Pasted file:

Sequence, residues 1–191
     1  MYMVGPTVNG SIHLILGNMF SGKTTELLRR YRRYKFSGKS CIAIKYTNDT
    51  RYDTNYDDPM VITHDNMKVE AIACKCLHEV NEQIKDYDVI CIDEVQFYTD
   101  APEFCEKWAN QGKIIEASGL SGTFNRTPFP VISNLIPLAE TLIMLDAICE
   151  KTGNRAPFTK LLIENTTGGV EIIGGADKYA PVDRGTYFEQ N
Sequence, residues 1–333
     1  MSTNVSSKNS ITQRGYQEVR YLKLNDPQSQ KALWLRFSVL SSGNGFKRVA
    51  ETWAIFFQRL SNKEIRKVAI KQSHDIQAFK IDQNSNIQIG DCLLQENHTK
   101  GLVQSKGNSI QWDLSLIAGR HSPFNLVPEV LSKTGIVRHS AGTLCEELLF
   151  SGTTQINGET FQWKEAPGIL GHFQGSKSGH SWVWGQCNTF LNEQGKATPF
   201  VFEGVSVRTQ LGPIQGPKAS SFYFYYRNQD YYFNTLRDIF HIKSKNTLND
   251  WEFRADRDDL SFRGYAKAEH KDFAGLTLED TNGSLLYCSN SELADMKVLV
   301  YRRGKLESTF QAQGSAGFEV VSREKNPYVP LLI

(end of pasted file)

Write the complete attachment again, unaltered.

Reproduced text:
Sequence, residues 1–191
     1  MYMVGPTVNG SIHLILGNMF SGKTTELLRR YRRYKFSGKS CIAIKYTNDT
    51  RYDTNYDDPM VITHDNMKVE AIACKCLHEV NEQIKDYDVI CIDEVQFYTD
   101  APEFCEKWAN QGKIIEASGL SGTFNRTPFP VISNLIPLAE TLIMLDAICE
   151  KTGNRAPFTK LLIENTTGGV EIIGGADKYA PVDRGTYFEQ N
Sequence, residues 1–333
     1  MSTNVSSKNS ITQRGYQEVR YLKLNDPQSQ KALWLRFSVL SSGNGFKRVA
    51  ETWAIFFQRL SNKEIRKVAI KQSHDIQAFK IDQNSNIQIG DCLLQENHTK
   101  GLVQSKGNSI QWDLSLIAGR HSPFNLVPEV LSKTGIVRHS AGTLCEELLF
   151  SGTTQINGET FQWKEAPGIL GHFQGSKSGH SWVWGQCNTF LNEQGKATPF
   201  VFEGVSVRTQ LGPIQGPKAS SFYFYYRNQD YYFNTLRDIF HIKSKNTLND
   251  WEFRADRDDL SFRGYAKAEH KDFAGLTLED TNGSLLYCSN SELADMKVLV
   301  YRRGKLESTF QAQGSAGFEV VSREKNPYVP LLI